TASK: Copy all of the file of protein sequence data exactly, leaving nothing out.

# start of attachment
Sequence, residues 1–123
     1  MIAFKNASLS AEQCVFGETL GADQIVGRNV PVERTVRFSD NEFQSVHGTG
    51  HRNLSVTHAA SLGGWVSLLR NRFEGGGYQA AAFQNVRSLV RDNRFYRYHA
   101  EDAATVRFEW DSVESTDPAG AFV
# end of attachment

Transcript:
Sequence, residues 1–123
     1  MIAFKNASLS AEQCVFGETL GADQIVGRNV PVERTVRFSD NEFQSVHGTG
    51  HRNLSVTHAA SLGGWVSLLR NRFEGGGYQA AAFQNVRSLV RDNRFYRYHA
   101  EDAATVRFEW DSVESTDPAG AFV